Is Africa merely making up the numbers at the mundial?
BY CHIOMA UZOIGWE EMAIL: firstname.lastname@example.org
Are Africans merely making up the numbers at the Mundial? As the football world gears up for its greatest show in Russia in June 2018, it is time to take a critical look at the participation of African teams at the world stage.
The qualification matches are all done now with Nigeria, Egypt, Senegal, Tunisia and Morocco having qualified for the world cup in Russia. The pertinent question is how far can any of these teams go in the tournament? In previous tournaments, the African continent seem to have been pegged at the quarter-final level with Cameroon achieving that in 1990, Senegal in 2002 and Ghana in 2010. With five slots in for Africa, how can we stand up to be counted in Russia 2018? Will our fortunes be brighter this time around?
Indeed, the challenges facing African football reflects the larger African society. Football is not exempted. Challenges of poor leadership and undue government interference in football management abound across Africa. Sit-tight leadership which has permeated African politics is also a common feature of African football with the last CAF president, Mr Issa Hayatou occupying the seat for twenty-two years with very little visible achievement. In Africa, governments influence elections of football officials, particularly the heads of the Football Associations (FAs). FIFA, the world football governing body, on many occasions had threatened to ban some African FAs on account of government’s undue interference in the management of their football. We have over time also seen over-bloated delegations headed to world tournaments which are mainly comprised of politicians and their cronies with scarcely any professional need to be seen in such spaces.
Poor funding and decaying infrastructure have also become part of the bane of African football development except in the instances of a few nations that seem to be faring better. Preparations for the Mundial requires a huge capital outlay which includes camping of the players, training, budgeting for players allowances and bonuses, and of course coaches’ salaries. In times past, we have heard of trouble situations in the camps of some African teams due to non-payment of allowances, bonuses, etc which in turn results in lack of, or distracted focus by the teams in question. On the issue of local infrastructure, the stark reality is that a lot of it is crumbling (notable instances here would be the Nigerian national stadia at Lagos and Abuja) due to corruption, lack of investments and neglect.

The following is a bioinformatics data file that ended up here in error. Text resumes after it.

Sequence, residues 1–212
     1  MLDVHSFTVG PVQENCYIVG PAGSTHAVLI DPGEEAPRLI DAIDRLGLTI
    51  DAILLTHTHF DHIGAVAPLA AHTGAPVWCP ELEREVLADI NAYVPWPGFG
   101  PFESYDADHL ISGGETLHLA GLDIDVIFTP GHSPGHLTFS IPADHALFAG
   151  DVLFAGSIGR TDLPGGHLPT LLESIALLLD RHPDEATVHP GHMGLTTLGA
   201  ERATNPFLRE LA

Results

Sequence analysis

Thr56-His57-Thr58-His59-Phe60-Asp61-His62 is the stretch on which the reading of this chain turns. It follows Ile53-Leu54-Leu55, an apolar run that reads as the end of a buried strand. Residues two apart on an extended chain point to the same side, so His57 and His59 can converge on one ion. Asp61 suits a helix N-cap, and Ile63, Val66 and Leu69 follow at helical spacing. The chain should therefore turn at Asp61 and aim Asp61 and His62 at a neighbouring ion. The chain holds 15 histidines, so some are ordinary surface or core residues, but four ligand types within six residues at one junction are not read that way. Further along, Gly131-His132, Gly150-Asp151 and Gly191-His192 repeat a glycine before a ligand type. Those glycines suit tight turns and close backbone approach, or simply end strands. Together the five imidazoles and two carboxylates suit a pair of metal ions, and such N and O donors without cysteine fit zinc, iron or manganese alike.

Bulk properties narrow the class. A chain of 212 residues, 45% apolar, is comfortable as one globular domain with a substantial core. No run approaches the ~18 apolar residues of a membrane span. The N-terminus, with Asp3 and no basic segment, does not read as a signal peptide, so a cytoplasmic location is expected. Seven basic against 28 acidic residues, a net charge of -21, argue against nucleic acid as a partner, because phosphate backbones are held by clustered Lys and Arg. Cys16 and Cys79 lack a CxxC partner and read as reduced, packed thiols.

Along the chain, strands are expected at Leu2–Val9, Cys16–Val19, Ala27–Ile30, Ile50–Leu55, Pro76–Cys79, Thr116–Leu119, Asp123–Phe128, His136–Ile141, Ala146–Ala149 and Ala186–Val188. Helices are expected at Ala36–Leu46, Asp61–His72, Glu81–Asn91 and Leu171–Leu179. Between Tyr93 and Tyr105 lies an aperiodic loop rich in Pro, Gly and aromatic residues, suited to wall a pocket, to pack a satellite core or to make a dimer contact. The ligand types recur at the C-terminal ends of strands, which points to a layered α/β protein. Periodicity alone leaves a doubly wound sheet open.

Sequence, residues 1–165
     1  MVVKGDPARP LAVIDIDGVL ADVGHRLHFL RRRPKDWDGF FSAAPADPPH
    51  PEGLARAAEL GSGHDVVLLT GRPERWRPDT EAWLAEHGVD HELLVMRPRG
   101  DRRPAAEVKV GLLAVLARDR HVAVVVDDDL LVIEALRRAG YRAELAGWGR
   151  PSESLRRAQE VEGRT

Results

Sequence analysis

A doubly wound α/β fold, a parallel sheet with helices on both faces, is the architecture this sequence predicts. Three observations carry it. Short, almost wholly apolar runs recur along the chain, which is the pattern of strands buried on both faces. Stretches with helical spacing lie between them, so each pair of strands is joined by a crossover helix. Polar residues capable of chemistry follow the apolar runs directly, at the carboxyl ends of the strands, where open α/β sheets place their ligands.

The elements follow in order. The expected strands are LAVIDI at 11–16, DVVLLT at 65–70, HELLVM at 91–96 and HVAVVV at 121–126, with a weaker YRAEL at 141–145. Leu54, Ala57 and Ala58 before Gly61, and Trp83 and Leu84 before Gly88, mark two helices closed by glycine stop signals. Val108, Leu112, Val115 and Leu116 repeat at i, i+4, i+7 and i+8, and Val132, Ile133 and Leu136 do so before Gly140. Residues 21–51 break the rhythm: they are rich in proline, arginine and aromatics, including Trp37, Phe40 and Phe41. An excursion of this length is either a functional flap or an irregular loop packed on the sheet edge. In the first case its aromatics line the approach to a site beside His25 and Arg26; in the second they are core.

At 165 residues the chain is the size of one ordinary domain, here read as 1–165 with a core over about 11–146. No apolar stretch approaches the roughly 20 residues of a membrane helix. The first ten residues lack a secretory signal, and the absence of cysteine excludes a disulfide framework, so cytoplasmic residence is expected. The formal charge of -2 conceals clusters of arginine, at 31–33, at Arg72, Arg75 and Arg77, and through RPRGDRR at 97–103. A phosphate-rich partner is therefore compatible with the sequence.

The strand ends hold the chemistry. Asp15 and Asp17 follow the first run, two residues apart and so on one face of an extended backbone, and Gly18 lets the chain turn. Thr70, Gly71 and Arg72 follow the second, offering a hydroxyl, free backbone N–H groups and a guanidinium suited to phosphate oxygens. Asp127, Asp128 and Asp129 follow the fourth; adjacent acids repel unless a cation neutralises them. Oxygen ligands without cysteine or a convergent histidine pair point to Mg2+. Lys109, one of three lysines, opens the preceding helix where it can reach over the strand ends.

Sadly, all of these are continuing even at a time when Africa has now ‘come of age’ in world football, what with the continent’s stars now being household names on the international stage. The managers of our football locally, should therefore rise to the challenge and reciprocate this enhanced fortune by preparing our teams to put up a better performance in Russia. African footballers are making waves in the different leagues in Europe, America and Asia. George Weah, the current president of Liberia was once the FIFA world footballer of the year. Literally, every country in Europe has Africans playing and doing well in their domestic league, so why can’t we translate these into a better showing at the World Cup?
On the hopeful side, of late, we are beginning to see sponsorships for football from the private sector such as the one from Globacom, the Nigerian telecom giants and recently too, from the Aiteo Oil and Gas company. These should be considered the way forward in lifting African football as it is being done in other parts of the world. We earnestly hope that African football will soon begin ‘to reap the fruits’ of these partnerships in the very near future.
Mo Salah of Egypt, Current African footballer of the year